There is an ever-growing amount of data tied to individuals, and this is only set to accelerate as the scope of the IoT grows. By 2020, it is expected that for every person on the planet, there will be forty devices connected to the internet – an overwhelming trove of data linking person to product or service.
As we continue to acclimatise to managing our lifestyles through a network of inter-connected devices, so too is the business world embracing this development in a big way – and facing the risk to data that comes with these new technologies. The European Parliament, Council and Commission have addressed this risk early on, with the GDPR set to come into effect May 2018.
Data protection is an increasingly important issue for many consumers, who are experiencing a growing loss of control over their own personal data. Corporate cyber-attacks are becoming increasingly sophisticated and data breaches to organisations such as Yahoo and Ashley Madison have had real-life ramifications for customers, leaving them, and companies, exposed. With an individual’s personal and financial information at risk, many are understandably wary of how this is protected and feel an increasing loss of control over their data.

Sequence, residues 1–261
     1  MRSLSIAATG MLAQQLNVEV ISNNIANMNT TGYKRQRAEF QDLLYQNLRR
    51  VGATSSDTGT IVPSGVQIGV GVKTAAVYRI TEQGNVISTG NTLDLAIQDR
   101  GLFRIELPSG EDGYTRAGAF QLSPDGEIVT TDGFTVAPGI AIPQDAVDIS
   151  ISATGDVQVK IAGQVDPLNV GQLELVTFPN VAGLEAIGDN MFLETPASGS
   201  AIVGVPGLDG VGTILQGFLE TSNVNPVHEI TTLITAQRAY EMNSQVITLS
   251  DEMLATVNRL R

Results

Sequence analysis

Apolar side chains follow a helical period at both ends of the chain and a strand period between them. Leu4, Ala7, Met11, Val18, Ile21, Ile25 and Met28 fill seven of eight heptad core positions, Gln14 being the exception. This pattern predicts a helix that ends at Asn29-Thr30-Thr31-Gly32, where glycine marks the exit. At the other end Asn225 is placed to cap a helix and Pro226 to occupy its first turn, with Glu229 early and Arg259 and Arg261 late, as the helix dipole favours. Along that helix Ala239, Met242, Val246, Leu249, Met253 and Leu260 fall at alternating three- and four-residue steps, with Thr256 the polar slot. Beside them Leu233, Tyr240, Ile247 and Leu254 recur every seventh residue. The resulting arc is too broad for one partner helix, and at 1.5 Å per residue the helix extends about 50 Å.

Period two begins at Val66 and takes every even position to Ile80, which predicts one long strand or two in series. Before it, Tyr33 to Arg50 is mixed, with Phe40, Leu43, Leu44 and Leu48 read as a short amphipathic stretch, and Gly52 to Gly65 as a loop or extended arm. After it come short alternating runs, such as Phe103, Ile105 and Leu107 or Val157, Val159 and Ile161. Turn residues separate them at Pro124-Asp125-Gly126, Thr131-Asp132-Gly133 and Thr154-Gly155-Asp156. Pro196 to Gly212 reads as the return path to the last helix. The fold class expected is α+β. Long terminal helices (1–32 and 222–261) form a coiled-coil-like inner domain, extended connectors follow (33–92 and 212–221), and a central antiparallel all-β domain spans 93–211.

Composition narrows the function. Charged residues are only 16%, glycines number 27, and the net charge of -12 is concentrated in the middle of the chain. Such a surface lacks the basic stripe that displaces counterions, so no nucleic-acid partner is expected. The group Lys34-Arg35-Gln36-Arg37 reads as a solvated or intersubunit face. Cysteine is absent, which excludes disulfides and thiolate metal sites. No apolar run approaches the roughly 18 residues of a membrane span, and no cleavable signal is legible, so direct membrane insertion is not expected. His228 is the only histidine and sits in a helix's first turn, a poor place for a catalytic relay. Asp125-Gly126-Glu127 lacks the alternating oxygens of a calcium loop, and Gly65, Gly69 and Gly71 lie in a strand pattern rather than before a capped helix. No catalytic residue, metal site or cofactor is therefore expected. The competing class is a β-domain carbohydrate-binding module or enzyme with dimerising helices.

The threat of a cyber-attack is also much more significant when it comes to connected devices. If not correctly protected, hackers will be able to infiltrate other devices simultaneously, meaning they could potentially have access to larger amounts of private data. We have already seen law firms pursuing potential claims regarding TalkTalk’s data breach, and further claims are expected as this technology becomes increasingly commonplace.
Responsibility for data protection ultimately falls to the organisations gathering and storing it. The GDPR is an attempt to standardise data handling across the EU, and give citizens back control of their own information. Though a priority for many businesses will be to avoid paying out hefty fines for failure to comply, it shouldn’t necessarily be considered a headache for companies to contend with.
GDPR compliance is an opportunity for organisations to build consumer trust by improving the stringency of internal data protection policies. Organisations across the EU, if they have not already, must begin seriously preparing for the new regulations and increase customer control over personal data.
By Tim Smith, partner and head of cyber at insurance law and risk firm BLM.
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